This is how different types of wood affect your acoustic guitar tone

There are no hard and fast rules with tonewoods - but each can affect the timbre of your acoustic guitar

Sitka spruce

Native to North America and Canada this is the most common wood for acoustic tops. It offers a good mix of strength, clarity and dynamic range over a variety of styles and looks. German and Engelmann spruce varieties are less common and exhibit similar tonal qualities. German spruce is popular for classical and Engelmann is regarded as an upgrade to Sitka, for its lightness and richness.

Adirondack spruce

This is often found on premium models as a top wood (it’s rather expensive) but Taylor Guitars founder Bob Taylor claims that if it’s used on bracing alone with a Sitka spruce top you’ll still get 80 percent of the benefit. Another North American and Canadian wood, the springy qualities of adirondack means that it loves to be driven hard and still delivers dynamics, including rich bottom end.


A hardwood, so denser than most and a more direct tonality as a result. The mid voice tends to be more pronounced with a rounded quality to picked notes. So it’s a different option to spruce - more direct with cleaner definition between the spectrums of treble, mid and bass.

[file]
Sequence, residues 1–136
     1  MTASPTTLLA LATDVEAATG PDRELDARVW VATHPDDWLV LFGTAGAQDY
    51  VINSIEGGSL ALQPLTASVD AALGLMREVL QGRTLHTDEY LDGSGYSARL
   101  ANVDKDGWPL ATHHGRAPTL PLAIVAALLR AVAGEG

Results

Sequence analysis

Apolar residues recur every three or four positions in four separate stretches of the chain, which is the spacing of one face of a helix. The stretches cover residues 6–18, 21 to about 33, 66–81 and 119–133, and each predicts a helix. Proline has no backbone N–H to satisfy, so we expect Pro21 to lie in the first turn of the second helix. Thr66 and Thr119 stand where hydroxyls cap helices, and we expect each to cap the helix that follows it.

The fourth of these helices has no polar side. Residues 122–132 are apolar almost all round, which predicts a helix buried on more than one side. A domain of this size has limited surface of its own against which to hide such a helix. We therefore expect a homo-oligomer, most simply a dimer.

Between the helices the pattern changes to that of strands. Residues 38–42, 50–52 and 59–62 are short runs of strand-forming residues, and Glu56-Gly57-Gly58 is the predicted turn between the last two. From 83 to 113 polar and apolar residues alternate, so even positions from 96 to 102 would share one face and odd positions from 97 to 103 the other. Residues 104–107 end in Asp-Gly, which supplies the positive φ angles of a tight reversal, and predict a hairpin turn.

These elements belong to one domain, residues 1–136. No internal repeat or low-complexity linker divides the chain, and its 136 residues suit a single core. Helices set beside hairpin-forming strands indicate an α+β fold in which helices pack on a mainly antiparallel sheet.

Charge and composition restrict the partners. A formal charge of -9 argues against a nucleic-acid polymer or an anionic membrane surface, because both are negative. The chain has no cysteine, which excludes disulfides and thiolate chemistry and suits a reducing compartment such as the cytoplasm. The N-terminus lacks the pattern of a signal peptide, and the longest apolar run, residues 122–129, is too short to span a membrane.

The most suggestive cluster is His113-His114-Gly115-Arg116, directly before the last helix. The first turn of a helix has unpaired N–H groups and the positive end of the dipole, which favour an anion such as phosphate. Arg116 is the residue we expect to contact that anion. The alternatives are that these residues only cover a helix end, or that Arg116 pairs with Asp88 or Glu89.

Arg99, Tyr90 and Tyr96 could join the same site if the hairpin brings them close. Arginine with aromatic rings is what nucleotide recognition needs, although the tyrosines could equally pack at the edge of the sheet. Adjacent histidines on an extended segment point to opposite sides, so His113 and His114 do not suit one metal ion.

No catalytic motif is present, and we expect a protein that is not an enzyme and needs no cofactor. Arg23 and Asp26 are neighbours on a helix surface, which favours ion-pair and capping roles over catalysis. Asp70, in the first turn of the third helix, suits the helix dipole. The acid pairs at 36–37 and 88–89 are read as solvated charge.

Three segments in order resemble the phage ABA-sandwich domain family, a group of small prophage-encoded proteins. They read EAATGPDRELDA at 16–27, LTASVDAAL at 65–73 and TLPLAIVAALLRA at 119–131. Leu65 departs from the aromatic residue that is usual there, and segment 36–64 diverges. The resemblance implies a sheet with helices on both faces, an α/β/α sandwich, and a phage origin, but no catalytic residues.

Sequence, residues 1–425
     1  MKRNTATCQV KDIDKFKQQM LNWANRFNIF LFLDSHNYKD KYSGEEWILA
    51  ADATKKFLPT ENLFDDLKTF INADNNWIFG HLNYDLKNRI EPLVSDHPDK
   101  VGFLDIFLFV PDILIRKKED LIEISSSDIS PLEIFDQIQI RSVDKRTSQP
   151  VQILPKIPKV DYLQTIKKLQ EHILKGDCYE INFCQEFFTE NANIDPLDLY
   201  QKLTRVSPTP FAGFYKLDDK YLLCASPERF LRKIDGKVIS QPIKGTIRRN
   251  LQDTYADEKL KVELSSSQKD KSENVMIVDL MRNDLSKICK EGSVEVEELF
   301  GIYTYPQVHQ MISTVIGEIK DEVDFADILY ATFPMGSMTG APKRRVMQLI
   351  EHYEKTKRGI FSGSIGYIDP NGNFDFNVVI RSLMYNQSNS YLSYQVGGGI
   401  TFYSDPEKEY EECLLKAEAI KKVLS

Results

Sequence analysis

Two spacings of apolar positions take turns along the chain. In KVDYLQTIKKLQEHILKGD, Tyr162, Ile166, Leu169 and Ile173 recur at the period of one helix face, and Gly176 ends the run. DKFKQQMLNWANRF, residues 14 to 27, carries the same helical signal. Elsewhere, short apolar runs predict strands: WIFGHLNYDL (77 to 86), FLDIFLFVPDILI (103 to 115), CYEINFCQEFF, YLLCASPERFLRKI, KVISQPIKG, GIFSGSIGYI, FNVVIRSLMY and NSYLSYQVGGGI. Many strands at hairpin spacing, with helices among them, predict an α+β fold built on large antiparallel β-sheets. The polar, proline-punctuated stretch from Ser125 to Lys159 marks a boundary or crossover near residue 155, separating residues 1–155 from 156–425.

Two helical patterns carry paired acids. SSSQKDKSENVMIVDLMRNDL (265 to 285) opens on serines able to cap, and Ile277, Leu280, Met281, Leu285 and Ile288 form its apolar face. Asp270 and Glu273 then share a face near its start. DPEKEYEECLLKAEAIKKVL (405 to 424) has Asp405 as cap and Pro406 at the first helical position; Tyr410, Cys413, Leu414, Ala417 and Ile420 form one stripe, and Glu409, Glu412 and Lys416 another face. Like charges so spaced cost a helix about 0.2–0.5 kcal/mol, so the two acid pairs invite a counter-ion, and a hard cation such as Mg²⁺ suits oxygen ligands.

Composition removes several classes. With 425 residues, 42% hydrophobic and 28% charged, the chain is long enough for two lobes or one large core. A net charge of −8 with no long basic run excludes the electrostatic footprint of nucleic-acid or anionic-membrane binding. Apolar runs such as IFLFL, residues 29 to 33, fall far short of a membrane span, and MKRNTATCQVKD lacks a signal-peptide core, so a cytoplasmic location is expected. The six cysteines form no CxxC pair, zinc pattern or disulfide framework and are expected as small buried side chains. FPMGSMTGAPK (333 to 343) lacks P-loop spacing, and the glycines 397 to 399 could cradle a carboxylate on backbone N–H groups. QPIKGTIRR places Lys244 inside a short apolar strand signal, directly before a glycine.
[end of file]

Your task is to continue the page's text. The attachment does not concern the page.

Brazilian rosewood is now so protected under environmental laws you’re unlikely to encounter it and you’re more likely to come across the Indian, Madagascan or cocobolo varieties. They tend to be tonally warmer in the mid-range than mahoganies with more sizzle in the trebles.


Heavy figuring can look particularly stunning, while tonally Maple tends to have a brighter, punchier character that is found to be less warm in the mids than rosewood or mahogany and with solid bass. Potentially, this wood is an absolute delight for strummers.


Western red cedar is darker in colour and generally more ‘softer’ sounding than spruce. It usually offers more dynamic range to lighter fingerstyles. 

The trade-off is reduced dynamics and compression when played hard.


Found on the original Weissenborn lapsteels of the 20s and 30s, and on special-edition contemporary acoustics, this native Hawaiian wood is somewhere between mahogany and maple but is more of a visual feast.

Laminates and HPL

Laminated wood can still share the tonal characteristics of the solid variety. The two and three-piece kind are preferable, while modern high-pressure laminates (HPLs) are sustainable and environmentally friendly.

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